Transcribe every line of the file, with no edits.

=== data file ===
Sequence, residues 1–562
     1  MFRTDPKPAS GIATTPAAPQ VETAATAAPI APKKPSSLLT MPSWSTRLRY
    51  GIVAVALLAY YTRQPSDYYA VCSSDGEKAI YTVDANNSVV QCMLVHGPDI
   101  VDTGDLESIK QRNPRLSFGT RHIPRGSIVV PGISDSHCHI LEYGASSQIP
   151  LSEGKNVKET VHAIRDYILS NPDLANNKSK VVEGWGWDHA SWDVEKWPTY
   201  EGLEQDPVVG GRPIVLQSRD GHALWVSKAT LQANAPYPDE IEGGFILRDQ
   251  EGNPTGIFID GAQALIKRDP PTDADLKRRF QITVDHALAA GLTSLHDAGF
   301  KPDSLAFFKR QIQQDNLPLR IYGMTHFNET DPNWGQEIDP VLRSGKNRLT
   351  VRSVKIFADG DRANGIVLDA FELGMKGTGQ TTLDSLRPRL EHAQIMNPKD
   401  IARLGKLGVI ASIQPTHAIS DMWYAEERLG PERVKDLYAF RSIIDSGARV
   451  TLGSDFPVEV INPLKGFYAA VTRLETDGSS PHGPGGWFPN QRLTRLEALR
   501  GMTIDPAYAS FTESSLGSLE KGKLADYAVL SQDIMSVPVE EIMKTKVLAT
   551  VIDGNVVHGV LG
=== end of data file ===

Sequence, residues 1–562
     1  MFRTDPKPAS GIATTPAAPQ VETAATAAPI APKKPSSLLT MPSWSTRLRY
    51  GIVAVALLAY YTRQPSDYYA VCSSDGEKAI YTVDANNSVV QCMLVHGPDI
   101  VDTGDLESIK QRNPRLSFGT RHIPRGSIVV PGISDSHCHI LEYGASSQIP
   151  LSEGKNVKET VHAIRDYILS NPDLANNKSK VVEGWGWDHA SWDVEKWPTY
   201  EGLEQDPVVG GRPIVLQSRD GHALWVSKAT LQANAPYPDE IEGGFILRDQ
   251  EGNPTGIFID GAQALIKRDP PTDADLKRRF QITVDHALAA GLTSLHDAGF
   301  KPDSLAFFKR QIQQDNLPLR IYGMTHFNET DPNWGQEIDP VLRSGKNRLT
   351  VRSVKIFADG DRANGIVLDA FELGMKGTGQ TTLDSLRPRL EHAQIMNPKD
   401  IARLGKLGVI ASIQPTHAIS DMWYAEERLG PERVKDLYAF RSIIDSGARV
   451  TLGSDFPVEV INPLKGFYAA VTRLETDGSS PHGPGGWFPN QRLTRLEALR
   501  GMTIDPAYAS FTESSLGSLE KGKLADYAVL SQDIMSVPVE EIMKTKVLAT
   551  VIDGNVVHGV LG